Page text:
Anthropogenic noise alters parental behavior and nestling development, but not fledging condition
Pandit, Meelyn Mayank et al. (2021), Anthropogenic noise alters parental behavior and nestling development, but not fledging condition, Dryad, Dataset, https://doi.org/10.5061/dryad.ht76hdrf0
Anthropogenic noise is a ubiquitous feature of the American landscape, and is a known stressor for many bird species, leading to negative effects in behavior, physiology, reproduction, and ultimately fitness. While a number of studies have examined how anthropogenic noise affects avian fitness, there are few that simultaneously examine how anthropogenic noise impacts the relationship between parental care behavior and nestling fitness. We conducted Brownian noise playbacks for six hours a day during the nesting cycle on Eastern Bluebird (Sialia sialis) nest boxes to investigate if experimentally elevated noise affected parental care behavior, nestling body conditions, and nestling stress indices. We documented nest attendance by adult females using radio frequency identification (RFID), and we assessed nestling stress by measuring baseline corticosterone levels and telomere lengths. Based on the RFID data collected during individual brood cycles, adult bluebirds exposed to noise had significantly higher feeding rates earlier in the brood cycle than adults in the control group, but reduced feeding rates later in the cycle. Nestlings exposed to noise had higher body conditions than the control nestlings at eleven days of age, but conditions equalized between treatments by day fourteen. We found no differences in nestling baseline corticosterone levels or nestling telomere lengths between the two treatment groups. Our results revealed that noise altered adult behavior, which corresponded with altered nestling body condition. However, the absence of indicators of longer-term effects of noise on offspring suggests adult behavior may have been a short-term response.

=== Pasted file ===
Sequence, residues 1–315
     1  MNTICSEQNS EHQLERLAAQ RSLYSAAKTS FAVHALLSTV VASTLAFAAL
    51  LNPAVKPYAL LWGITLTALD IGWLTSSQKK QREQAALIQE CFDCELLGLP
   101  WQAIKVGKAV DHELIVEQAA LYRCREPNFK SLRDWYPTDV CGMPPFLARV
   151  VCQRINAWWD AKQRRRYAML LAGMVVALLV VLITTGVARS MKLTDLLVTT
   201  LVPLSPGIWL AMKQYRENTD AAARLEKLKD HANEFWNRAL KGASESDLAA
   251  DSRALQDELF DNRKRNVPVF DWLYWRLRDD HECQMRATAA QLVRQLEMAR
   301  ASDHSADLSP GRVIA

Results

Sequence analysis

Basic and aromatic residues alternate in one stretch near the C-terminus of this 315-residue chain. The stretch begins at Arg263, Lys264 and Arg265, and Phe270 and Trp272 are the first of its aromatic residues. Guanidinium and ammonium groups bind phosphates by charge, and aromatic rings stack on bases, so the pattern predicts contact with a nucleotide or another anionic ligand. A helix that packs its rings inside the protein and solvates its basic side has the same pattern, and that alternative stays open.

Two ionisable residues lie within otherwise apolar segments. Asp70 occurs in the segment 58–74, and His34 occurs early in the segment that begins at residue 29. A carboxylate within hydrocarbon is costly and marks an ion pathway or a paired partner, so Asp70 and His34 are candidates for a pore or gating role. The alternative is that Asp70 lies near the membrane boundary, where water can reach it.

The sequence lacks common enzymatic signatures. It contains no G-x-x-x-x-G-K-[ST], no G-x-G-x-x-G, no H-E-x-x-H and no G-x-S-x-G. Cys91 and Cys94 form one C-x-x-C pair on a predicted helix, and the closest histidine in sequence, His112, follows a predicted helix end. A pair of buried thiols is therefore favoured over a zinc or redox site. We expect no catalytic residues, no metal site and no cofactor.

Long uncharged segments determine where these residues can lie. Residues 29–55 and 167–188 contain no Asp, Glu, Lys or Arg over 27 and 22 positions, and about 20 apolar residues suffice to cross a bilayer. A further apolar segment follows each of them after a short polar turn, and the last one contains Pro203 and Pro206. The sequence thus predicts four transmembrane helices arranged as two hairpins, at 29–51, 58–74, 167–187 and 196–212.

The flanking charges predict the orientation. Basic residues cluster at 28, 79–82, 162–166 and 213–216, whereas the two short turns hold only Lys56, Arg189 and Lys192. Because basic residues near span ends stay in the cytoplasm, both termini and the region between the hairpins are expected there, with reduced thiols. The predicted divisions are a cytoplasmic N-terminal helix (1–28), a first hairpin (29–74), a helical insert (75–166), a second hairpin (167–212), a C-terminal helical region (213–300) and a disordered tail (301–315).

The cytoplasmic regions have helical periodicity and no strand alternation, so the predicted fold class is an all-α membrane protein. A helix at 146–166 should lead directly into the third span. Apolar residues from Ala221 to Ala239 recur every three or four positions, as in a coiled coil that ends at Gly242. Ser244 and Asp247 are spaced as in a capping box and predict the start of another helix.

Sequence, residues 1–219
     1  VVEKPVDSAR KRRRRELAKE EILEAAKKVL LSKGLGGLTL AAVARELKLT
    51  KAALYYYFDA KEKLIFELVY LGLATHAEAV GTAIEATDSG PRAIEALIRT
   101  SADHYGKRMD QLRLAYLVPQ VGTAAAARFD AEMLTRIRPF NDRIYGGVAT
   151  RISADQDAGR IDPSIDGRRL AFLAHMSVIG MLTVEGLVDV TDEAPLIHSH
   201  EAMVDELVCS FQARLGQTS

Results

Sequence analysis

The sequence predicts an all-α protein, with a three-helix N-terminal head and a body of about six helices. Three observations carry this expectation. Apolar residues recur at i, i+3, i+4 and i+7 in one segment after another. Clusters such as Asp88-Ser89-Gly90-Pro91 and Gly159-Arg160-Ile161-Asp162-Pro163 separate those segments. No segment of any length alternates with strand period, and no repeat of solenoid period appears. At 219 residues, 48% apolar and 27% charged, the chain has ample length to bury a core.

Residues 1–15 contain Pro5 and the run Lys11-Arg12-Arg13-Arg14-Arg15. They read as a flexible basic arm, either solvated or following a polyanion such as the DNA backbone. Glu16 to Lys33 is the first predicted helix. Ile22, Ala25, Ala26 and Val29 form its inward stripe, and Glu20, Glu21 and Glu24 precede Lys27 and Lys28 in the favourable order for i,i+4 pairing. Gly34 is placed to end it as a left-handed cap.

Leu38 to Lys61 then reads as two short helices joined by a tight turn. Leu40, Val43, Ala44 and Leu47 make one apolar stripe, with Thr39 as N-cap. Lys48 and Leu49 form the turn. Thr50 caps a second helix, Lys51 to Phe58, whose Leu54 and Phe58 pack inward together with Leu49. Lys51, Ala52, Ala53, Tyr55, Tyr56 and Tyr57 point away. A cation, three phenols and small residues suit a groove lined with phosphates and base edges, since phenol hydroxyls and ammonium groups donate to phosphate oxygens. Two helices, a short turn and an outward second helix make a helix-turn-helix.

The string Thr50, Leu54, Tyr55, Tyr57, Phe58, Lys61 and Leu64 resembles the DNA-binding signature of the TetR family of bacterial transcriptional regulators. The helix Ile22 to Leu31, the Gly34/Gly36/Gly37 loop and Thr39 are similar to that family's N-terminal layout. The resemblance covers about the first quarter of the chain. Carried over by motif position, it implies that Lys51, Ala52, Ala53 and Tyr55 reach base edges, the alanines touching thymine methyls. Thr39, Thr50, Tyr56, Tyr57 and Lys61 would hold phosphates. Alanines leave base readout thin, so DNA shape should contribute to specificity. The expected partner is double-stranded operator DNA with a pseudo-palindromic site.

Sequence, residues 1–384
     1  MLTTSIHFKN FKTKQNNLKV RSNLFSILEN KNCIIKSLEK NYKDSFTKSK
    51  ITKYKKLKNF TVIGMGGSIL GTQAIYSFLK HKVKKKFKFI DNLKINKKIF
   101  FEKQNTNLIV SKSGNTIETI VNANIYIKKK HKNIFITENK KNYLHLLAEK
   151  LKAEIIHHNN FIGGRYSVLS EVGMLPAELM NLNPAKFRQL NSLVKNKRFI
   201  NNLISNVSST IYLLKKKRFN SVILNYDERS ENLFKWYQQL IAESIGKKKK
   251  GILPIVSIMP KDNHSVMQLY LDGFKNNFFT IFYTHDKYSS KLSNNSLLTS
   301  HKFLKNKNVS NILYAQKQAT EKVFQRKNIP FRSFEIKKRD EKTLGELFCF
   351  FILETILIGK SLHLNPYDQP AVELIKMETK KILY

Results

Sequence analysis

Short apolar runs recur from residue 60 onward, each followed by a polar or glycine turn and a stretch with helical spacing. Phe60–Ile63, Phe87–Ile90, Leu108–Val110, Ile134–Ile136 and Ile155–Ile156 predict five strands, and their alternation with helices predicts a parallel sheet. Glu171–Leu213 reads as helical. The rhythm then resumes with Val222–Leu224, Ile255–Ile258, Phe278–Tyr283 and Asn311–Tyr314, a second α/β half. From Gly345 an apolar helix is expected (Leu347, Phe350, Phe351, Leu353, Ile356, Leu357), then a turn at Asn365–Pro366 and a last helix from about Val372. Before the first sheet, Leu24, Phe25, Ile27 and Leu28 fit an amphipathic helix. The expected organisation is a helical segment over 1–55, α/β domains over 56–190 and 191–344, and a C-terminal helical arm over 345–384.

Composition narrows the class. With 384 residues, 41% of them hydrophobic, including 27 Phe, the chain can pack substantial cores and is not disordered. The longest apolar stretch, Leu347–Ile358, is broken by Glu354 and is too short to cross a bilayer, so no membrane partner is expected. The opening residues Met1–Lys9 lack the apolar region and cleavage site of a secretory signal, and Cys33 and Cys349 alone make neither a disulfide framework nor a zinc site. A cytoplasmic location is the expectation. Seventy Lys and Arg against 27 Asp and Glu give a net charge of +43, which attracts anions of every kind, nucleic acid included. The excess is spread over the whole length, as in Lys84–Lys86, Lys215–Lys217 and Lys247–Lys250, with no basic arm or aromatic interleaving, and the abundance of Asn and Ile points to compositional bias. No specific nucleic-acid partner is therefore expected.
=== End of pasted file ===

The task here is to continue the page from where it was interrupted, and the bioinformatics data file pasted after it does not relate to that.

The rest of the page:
See Pandit et al. 2021. Anthropogenic noise alters parental behavior and nestling development patterns, but not fledging condition. Behavioral Ecology. In press.
The data uploaded to Dryad is the clean version. The R scripts on summarizing the radio frequency identification (RFID) data have been commented out, and the rest of the code focuses on creating and analyzing linear mixed models on the RFID data.
The adult and nestling CORT data has excluded individuals that took longer than 3 min to bleed due to CORT levels increasing after this time period.
The telomere dataset excludes individuals that had degraded DNA samples.
National Science Foundation, Award: 1556313
National Science Foundation, Award: 1458402
National Science Foundation, Award: 1545261